Last Wednesday, Josh Hill had a tough decision to make: continue with his Monster Energy Supercross season or turn his focus elsewhere.
“There was a couple days where I wasn’t going to race the rest of the season,” Hill told us earlier today. “I was never going to stop riding; I would have just looked at other options for the future.”
To figure out how the former race winner got to this point, you first have to go back to how his season came together.
Josh Hill’s off-season was filled with uncertainty. While the eight-year veteran trekked the globe racing—from Sweden to South Africa to France—his future in America was murky.
“I’ll be racing supercross—100 percent,” Hill told Racer X in November. “Even if I have to do it on my own dime.”
Hill’s season was thrown a life preserver at the last minute, when Chad Lanza of Valli Motorsports and Yamaha, along with Josh’s personal sponsors, struck a deal for the first six races of Monster Energy AMA Supercross.
“I got this last minute opportunity to ride the Yamaha,” said Hill earlier this week. “I got the bike two weeks before A1. I got on it right around Christmas time. We were hoping to have success and continue for the rest of the season, but the success didn’t come that easy.”
Although Hill’s season was saved, his results were underwhelming as he failed to qualify for three of the first five rounds.
“I think it was completely disappointing for everyone involved. For myself, for everyone that helped me out,” said Hill of his early season results.
Talent wasn’t in question with Hill. He wasn’t washed up. He didn’t lose his speed. But his results were so discouraging it nearly drove Hill to quit.
“I literally almost didn’t show up to Anaheim this weekend,” said Hill earlier this week. “It was pretty discouraging. I think on Wednesday I made the call that we were going racing. I’m glad we did. It was a somewhat step in the right direction.”
Hill did show up and his season, both on the track and off, changed in the last visit to Anaheim. On the track, Hill looked like a new rider. He battled from a dead-last start to finish tenth—his first top-ten this season. And following an early season battle with the flu, and a late start with the Yamaha, Hill began to look like the Josh Hill we all expected to see this year. The problem was, Hill’s Valli deal wasn’t guaranteed beyond the first six races out west. He’d have to work something out to go east. Perhaps Valli would keep going, or maybe he’d have to do it on his own. Then things changed in a hurry, as the parts to his new deal, announced today with CycleTrader.com/Rock River Yamaha, were put into motion.
“Christina [Denny, CycleTrader.com/Rock River team manager] came up to me at Anaheim 3 and we talked about the possibility of making something happen,” Hill said. “I wanted to continue my program east and it was kind of getting to be a struggle—just a lot of things to do and a lot of weight on my shoulders. I checked out the bike and really liked it, and now we’re going from there."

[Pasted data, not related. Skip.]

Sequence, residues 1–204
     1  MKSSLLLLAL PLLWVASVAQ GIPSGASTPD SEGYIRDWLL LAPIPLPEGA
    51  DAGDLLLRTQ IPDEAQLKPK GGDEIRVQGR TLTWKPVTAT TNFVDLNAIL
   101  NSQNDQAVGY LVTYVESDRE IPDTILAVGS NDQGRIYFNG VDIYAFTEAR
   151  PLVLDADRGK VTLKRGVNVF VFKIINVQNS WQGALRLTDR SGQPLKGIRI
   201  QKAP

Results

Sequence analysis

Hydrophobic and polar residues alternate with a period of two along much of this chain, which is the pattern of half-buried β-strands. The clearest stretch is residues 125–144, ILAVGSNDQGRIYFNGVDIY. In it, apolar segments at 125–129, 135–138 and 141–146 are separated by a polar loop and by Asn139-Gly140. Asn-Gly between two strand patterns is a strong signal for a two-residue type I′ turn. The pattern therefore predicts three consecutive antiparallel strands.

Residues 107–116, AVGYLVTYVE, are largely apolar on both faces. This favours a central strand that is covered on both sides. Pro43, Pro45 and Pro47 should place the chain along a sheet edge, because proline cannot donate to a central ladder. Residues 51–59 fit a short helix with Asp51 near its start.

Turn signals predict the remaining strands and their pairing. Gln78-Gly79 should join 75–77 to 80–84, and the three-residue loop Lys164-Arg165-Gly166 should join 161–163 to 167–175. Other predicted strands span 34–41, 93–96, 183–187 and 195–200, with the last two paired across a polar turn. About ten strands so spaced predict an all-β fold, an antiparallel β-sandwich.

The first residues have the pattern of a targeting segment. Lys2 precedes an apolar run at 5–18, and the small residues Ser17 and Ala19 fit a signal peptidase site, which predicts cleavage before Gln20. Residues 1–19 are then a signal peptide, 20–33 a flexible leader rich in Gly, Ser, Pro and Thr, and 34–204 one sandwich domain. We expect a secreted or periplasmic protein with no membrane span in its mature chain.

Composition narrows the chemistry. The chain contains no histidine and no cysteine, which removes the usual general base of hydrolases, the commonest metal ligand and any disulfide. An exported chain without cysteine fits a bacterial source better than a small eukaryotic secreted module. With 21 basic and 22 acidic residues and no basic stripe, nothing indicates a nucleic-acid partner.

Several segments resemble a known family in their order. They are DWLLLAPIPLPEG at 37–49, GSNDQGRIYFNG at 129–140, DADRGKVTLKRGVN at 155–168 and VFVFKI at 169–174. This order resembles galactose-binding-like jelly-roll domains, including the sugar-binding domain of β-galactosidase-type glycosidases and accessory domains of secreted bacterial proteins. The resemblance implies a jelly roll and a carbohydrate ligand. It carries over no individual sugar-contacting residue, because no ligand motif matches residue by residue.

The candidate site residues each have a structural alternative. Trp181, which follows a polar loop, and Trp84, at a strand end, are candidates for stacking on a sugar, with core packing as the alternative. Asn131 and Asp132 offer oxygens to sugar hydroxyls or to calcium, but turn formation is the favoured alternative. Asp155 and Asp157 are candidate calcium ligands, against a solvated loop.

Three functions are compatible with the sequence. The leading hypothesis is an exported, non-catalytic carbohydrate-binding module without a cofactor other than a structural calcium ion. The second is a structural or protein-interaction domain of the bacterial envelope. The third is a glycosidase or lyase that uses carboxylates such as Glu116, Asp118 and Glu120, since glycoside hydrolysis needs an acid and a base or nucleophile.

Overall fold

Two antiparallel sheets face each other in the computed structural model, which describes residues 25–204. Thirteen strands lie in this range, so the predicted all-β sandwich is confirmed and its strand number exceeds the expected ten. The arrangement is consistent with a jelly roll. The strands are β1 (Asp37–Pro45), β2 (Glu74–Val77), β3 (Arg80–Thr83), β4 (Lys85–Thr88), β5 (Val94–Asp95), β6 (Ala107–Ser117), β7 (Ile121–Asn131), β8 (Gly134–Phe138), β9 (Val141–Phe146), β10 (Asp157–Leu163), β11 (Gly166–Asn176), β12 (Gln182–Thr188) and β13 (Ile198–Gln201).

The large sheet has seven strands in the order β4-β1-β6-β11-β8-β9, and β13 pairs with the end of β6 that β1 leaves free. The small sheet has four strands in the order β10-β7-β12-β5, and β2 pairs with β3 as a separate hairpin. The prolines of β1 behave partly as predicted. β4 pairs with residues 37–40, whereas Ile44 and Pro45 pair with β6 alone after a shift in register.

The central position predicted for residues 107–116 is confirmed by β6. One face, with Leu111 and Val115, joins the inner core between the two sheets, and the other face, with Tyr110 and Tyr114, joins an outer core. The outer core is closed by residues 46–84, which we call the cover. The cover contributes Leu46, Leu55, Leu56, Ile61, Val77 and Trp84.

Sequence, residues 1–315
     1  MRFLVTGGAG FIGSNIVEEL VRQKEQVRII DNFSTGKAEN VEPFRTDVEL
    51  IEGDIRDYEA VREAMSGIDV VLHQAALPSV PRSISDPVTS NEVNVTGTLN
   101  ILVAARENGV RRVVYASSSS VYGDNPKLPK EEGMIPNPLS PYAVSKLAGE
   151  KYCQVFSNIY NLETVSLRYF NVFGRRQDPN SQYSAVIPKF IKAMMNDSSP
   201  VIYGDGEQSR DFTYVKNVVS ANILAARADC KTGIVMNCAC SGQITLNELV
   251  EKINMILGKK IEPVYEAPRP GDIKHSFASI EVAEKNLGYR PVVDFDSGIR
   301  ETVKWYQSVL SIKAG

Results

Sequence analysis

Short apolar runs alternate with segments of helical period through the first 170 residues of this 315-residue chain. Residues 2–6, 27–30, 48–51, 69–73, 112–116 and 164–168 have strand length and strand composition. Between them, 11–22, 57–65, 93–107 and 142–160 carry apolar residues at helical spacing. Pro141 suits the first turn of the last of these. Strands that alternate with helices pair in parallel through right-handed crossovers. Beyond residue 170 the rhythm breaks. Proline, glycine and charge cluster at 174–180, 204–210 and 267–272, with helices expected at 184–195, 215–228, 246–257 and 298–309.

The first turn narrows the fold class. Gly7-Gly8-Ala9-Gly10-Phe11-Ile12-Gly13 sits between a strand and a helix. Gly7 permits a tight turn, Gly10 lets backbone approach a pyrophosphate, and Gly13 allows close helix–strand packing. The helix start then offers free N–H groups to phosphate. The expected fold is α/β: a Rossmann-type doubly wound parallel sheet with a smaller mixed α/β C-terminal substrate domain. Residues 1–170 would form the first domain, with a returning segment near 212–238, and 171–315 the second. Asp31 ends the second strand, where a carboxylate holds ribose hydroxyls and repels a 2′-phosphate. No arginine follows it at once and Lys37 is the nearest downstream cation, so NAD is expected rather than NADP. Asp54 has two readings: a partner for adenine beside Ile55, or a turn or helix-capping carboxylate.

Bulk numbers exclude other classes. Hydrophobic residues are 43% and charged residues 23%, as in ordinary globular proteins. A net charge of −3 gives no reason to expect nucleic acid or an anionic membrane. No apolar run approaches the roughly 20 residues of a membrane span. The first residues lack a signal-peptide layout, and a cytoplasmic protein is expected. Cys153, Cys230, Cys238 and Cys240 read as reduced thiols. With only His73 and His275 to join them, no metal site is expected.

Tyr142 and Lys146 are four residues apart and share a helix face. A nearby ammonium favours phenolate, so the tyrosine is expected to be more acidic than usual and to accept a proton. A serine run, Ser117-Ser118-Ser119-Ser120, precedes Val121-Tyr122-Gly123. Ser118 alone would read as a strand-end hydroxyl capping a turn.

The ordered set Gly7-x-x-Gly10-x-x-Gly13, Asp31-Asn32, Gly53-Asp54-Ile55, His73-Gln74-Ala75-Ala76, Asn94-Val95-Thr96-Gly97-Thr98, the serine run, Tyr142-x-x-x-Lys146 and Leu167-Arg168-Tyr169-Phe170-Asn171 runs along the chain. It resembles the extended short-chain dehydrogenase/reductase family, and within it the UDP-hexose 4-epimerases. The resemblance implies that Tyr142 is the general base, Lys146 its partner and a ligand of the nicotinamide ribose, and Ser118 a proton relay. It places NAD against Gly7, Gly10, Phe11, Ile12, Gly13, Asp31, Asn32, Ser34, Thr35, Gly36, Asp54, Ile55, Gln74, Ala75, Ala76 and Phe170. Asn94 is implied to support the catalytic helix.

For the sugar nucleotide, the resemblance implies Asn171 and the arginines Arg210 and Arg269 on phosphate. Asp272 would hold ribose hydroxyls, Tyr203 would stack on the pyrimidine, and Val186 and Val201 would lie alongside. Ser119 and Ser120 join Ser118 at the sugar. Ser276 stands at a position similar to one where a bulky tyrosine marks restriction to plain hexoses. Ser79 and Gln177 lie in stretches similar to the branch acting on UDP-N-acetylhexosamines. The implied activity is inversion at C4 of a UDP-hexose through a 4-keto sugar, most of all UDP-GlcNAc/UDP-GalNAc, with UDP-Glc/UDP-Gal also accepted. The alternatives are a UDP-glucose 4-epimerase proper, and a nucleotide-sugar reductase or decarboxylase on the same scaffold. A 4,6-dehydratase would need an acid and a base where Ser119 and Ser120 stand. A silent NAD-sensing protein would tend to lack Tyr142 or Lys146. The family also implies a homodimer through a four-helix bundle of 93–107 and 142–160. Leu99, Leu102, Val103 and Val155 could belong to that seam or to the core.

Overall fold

Hill will make his debut for the team this weekend at San Diego and stay with them for the remainder of Monster Energy Supercross, but he doesn’t think the team change will have much of an affect.
“It’s not extremely different, but they do have some chassis equipment that I think is better,” Hill said of the similarities between the bikes. “Enzo did my suspension already and they also does the Rock River suspension, so there will be no hiccup there. I already have a good suspension setting, just putting it on a new bike with some updated equipment. I think riding the bike this weekend was a call based on how I thought the bike was better. So, if anything, it should improve my results.”
Josh will be able to keep his personal sponsorships with Monster Energy and SPY, but will have to change from Fox gear to Fly—the gear associated with the team. Also staying on board with Hill is Larry Brooks, who oversaw titles with Jeremy McGrath, Chad Reed, and James Stewart. Hill worked with Brooks back in 2010 while with San Manuel Yamaha and credits him for his success that season.
“I owe the majority of the success I had in 2010 to Larry Brooks. He signed me in November after I had a terrible 2009 season,” Hill said. “He was the team manager of the San Manuel Yamaha team at the time, but he was spending days in and out with me at the track.
“We just work well together. He’s a great guy. He’s extremely knowledgeable. He brings more than just a team manager and bike setup—he knows what it takes to be a champion. He’s one of the only satellite team [managers] to win a championship, and he’s won a ton of them with Jeremy McGrath, Chad Reed, and James Stewart. Having a guy like that on your side that you can trust 100 percent on judgment… and if I’m unsure of something, I’ll let him make the call for me. Just having that insurance is priceless.”
A week ago Hill was ready to give up the dream, and a week from now his deal was set to expire. Now he’s going to get another life preserver. What a week in the world of Josh Hill.